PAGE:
The differences in performance rates across categories of patient and resource factors and the results from the multivariate models for the 8 process NQF measures have implications for quality improvement. African Americans and hard drug users consistently had a higher likelihood of receipt of indicated general medical care but a lower likelihood of receipt of indicated HIV-specific care. Given the large sample size, however, these statistically significant differences may not reflect clinically significant differences. For example, in multivariate models, African Americans had an odds ratio of 0.62 for receipt of indicated ART compared with white individuals; however, the absolute rates ranged only from 89% to 93%, respectively. The largest absolute differences in rates generally occurred across groups defined by resource factors rather than patient factors. In multivariate models, resource factors had more consistent effects across multiple measures than did patient factors.
The difference between the actual and binomial distribution of high-performing large VA facilities indicates that a facility's performance on 1 measure is likely related to its performance on other measures. Our results are in contrast to those of the EQHIV collaborative,24 which found no more high-performing facilities than were predicted by chance. Quality improvement efforts can work to identify practices at these apparently high-performing facilities that could be adopted by other facilities.
Substantial local CCR use generally predicted an increased likelihood of receipt of the indicated care for most measures. The local population reports may have led to improved care on those measures addressed by local CCR reports. Alternatively, CCR use may identify facilities already invested in local population management that would have outperformed other facilities even without the CCR reports. However, it seems unlikely that health care providers would spend time to run CCR reports if they did not feel that the reports benefited their practice.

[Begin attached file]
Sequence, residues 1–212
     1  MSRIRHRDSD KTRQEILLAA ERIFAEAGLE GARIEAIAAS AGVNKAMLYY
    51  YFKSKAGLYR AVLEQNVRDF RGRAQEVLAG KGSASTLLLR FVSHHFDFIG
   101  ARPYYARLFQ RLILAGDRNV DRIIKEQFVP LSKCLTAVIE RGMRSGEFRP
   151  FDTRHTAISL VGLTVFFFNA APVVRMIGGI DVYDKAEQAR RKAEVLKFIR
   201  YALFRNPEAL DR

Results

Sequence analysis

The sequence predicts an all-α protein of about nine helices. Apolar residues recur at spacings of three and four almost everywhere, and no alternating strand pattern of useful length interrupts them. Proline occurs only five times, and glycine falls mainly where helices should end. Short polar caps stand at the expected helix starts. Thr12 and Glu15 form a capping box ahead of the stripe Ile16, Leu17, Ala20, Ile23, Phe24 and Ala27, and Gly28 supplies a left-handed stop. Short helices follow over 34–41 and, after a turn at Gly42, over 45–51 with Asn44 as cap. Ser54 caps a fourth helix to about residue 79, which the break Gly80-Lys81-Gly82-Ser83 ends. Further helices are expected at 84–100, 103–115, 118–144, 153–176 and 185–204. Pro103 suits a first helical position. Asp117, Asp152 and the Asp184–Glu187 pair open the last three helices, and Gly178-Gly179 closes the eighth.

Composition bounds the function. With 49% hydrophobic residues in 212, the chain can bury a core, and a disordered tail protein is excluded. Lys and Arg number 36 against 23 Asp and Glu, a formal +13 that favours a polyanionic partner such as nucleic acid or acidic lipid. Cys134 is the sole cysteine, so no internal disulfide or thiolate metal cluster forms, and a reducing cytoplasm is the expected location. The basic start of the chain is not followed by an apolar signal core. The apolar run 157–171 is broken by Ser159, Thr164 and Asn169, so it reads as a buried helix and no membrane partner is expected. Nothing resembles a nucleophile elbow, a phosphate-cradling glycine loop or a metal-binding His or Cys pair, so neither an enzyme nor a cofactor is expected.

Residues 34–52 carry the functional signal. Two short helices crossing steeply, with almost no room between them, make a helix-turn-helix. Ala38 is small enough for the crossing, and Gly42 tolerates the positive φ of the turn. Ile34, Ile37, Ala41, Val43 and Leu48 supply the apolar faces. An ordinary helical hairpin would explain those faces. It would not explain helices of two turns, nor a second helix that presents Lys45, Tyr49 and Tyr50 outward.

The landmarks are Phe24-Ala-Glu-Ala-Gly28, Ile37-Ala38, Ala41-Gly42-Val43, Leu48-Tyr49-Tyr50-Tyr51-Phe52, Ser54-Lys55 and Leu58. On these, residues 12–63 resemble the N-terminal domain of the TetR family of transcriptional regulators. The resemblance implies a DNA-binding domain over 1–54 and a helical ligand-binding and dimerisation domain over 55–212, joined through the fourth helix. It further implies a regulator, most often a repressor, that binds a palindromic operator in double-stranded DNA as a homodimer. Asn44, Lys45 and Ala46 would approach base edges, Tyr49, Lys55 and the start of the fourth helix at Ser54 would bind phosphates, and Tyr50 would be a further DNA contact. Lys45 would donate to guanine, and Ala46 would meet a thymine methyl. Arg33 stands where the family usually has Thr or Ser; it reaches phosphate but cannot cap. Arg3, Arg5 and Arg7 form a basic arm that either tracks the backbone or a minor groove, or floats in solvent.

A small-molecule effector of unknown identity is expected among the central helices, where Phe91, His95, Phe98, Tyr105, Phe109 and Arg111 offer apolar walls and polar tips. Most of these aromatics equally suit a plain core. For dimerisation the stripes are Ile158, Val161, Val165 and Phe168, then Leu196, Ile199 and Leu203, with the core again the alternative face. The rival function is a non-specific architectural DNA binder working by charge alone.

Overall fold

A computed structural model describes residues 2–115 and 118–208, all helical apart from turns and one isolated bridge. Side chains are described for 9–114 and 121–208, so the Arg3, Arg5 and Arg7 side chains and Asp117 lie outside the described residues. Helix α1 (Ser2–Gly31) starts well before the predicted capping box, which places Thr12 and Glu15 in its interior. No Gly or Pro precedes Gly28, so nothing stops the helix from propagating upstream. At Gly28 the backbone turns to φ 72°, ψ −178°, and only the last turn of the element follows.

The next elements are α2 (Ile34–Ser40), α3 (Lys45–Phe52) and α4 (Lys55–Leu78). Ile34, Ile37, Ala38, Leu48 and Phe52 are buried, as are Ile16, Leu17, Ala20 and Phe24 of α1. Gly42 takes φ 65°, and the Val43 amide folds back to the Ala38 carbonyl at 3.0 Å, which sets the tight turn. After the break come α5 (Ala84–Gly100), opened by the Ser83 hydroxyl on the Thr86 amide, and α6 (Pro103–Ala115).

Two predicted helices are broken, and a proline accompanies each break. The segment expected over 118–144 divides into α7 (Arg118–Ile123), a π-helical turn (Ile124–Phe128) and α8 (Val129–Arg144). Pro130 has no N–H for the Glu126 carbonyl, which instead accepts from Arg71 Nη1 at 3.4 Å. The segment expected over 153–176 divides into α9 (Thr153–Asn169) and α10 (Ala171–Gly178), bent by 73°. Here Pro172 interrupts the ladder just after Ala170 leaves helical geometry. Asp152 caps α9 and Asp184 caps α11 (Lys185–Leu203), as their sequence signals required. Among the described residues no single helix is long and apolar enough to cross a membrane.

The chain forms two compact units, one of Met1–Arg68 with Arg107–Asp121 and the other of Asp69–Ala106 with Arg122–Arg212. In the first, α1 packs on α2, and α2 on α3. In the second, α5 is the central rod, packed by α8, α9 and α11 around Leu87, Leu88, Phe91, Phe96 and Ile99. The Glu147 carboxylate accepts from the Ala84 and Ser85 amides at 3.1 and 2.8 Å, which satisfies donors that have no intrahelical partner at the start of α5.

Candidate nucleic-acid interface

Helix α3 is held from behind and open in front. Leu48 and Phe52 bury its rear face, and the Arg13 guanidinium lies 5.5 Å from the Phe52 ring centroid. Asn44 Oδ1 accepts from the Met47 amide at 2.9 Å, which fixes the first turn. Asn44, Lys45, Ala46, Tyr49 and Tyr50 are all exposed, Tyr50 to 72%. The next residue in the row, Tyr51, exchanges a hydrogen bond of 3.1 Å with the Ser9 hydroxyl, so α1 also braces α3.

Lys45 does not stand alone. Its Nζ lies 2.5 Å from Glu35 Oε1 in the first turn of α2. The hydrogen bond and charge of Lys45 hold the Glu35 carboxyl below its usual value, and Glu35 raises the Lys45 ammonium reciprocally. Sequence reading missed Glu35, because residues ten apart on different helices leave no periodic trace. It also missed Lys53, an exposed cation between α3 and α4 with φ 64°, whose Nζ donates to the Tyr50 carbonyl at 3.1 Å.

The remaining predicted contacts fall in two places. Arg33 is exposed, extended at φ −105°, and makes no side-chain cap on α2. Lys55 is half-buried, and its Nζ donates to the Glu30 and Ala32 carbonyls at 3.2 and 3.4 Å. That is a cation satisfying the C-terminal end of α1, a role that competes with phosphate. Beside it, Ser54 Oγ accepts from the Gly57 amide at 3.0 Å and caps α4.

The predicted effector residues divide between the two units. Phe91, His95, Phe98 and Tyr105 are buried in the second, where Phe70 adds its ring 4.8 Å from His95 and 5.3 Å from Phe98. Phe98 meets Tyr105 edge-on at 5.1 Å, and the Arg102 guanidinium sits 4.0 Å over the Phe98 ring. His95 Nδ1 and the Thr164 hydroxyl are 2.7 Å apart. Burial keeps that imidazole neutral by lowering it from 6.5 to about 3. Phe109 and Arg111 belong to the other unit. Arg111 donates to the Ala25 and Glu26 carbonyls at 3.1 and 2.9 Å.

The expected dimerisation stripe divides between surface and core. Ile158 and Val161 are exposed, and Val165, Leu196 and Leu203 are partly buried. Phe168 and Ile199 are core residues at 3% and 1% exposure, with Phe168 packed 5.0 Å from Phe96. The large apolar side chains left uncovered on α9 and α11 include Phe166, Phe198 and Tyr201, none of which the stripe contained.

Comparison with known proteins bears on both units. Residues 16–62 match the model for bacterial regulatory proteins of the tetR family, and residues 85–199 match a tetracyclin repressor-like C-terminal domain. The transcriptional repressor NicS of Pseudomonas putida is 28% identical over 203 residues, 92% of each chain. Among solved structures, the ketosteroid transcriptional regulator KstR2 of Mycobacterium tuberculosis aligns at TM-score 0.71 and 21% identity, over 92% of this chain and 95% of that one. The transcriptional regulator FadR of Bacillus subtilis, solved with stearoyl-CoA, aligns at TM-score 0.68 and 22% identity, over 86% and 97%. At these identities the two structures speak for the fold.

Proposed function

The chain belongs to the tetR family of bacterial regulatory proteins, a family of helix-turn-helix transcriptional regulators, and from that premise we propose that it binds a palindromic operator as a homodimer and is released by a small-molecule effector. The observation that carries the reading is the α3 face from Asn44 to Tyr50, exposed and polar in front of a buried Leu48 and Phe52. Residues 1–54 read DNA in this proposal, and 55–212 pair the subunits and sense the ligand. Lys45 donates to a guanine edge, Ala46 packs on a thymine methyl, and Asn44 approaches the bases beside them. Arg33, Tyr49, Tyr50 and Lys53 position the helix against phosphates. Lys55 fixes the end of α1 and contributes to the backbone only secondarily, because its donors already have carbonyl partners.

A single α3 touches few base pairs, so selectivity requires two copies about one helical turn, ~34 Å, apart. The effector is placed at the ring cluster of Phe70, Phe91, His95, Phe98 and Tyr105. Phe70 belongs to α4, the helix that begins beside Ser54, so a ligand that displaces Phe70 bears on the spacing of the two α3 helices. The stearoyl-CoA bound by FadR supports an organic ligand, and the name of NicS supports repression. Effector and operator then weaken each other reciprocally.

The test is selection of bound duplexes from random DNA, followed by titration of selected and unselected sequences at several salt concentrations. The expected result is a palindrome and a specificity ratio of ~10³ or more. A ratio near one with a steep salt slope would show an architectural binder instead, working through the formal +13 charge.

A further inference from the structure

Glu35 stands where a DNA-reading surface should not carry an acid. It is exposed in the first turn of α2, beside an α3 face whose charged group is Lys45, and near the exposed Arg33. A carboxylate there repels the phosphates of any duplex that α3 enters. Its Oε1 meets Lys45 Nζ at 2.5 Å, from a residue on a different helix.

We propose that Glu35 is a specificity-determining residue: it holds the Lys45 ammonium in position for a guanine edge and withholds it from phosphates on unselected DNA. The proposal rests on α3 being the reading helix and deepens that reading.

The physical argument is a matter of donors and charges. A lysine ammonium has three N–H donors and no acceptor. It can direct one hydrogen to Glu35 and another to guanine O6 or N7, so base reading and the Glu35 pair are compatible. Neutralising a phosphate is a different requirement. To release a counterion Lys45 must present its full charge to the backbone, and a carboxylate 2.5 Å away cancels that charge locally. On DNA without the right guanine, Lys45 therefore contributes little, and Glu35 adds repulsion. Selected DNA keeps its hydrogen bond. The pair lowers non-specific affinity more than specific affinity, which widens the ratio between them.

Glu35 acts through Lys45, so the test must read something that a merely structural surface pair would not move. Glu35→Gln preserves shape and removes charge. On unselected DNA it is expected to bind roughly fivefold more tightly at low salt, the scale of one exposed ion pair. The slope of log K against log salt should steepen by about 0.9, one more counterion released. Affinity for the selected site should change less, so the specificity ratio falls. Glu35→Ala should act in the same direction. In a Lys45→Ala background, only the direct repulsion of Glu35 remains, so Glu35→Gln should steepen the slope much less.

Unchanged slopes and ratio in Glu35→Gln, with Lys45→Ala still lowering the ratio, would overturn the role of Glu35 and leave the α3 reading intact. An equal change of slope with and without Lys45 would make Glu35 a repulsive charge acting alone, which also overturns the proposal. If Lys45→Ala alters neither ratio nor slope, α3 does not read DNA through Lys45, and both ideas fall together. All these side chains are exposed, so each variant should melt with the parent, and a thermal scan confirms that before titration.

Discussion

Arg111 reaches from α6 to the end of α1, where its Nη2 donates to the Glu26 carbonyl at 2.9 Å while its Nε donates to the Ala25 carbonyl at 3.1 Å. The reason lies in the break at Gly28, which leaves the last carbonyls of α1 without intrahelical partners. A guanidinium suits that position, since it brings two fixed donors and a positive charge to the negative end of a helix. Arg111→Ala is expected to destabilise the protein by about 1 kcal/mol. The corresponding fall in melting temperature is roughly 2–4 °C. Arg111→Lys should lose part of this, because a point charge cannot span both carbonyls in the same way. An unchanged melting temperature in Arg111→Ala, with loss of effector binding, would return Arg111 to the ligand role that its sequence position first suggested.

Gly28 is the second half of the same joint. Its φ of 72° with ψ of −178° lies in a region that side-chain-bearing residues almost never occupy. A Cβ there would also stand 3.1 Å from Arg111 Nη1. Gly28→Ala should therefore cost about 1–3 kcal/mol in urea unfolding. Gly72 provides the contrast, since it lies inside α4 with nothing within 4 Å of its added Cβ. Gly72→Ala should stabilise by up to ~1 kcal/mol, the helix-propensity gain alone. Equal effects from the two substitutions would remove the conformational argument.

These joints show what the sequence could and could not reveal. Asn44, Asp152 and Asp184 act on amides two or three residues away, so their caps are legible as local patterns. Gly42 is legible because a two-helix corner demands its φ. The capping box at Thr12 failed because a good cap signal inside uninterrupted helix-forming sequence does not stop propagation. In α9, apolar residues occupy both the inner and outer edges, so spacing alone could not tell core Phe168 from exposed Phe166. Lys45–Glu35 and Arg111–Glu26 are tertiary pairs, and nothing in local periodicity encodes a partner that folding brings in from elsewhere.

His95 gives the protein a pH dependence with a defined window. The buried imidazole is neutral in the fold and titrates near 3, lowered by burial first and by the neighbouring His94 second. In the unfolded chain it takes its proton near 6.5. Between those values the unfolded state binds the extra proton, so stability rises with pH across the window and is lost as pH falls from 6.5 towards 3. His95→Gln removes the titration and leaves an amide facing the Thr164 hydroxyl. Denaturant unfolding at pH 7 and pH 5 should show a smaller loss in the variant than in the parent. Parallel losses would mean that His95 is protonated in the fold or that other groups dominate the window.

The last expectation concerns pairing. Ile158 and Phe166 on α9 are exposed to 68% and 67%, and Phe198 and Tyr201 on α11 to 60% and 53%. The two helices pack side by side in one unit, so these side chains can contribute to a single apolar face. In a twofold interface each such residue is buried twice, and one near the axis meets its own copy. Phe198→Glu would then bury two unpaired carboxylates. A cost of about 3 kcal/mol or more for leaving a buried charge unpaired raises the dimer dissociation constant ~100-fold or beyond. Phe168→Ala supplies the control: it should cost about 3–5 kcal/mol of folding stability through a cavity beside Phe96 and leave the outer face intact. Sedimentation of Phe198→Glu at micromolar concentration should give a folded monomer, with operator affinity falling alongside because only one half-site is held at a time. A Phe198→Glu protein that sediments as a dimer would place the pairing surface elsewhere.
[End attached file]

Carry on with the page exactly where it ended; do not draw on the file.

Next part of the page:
There are several limitations to the present analysis. First, we were unable to assess 3 of the 13 NQF measures from available data fields in the CCR. Second, several of the data elements that we used to identify TB screening indicate that a skin test was placed but not whether the patient returned for test reading. Third, while a hard drug diagnosis may provide a marker for the HIV risk factor of intravenous drug use, we do not have information about other HIV risk factors, particularly sexual practices, which may have an impact on receipt of indicated care. Fourth, we were unable to account for individual provider characteristics (eg, specialty training and HIV experience). Finally, actual performance rates may be even higher than those we reported. Indicated care that is documented only in the text of a note is not captured in the CCR. Moreover, we have no means to measure the extent veterans use non-VA sources for health care.
In summary, national VA rates for many of the NQF measures for HIV/AIDS care are generally high. However, on all measures there is facility-level variation even within groups defined by HIV caseload, which indicates room for improvement. There also were sites that performed well on multiple measures. The ability to measure performance should aid quality managers, health care providers, and administrators in identifying best practices from high-performing facilities and in assisting low-performing facilities to improve care. Following quality initiatives, another analysis of NQF measures can be undertaken to assess improvement.
Correspondence: Lisa I. Backus, MD, PhD, Center for Quality Management in Public Health, Veterans Affairs Palo Alto Health Care System, 3801 Miranda Ave, Mail Code 132, Palo Alto, CA 94304 (firstname.lastname@example.org).
Accepted for Publication: December 23, 2009.
Author Contributions: Dr Backus had full access to all of the data in the study and takes responsibility for the integrity of the data and the accuracy of the data analysis. Study concept and design: Backus, Phillips, Belperio, Halloran, and Mole. Acquisition of data: Mole. Analysis and interpretation of data: Backus, Boothroyd, Phillips, Belperio, Halloran, Valdiserri, and Mole. Drafting of the manuscript: Backus. Critical revision of the manuscript for important intellectual content: Boothroyd, Phillips, Belperio, Halloran, Valdiserri, and Mole. Statistical analysis: Boothroyd. Administrative, technical, and material support: Valdiserri and Mole. Study supervision: Valdiserri and Mole.
Financial Disclosure: None reported.
Additional Contributions: We thank the local CCR coordinators who make this information possible.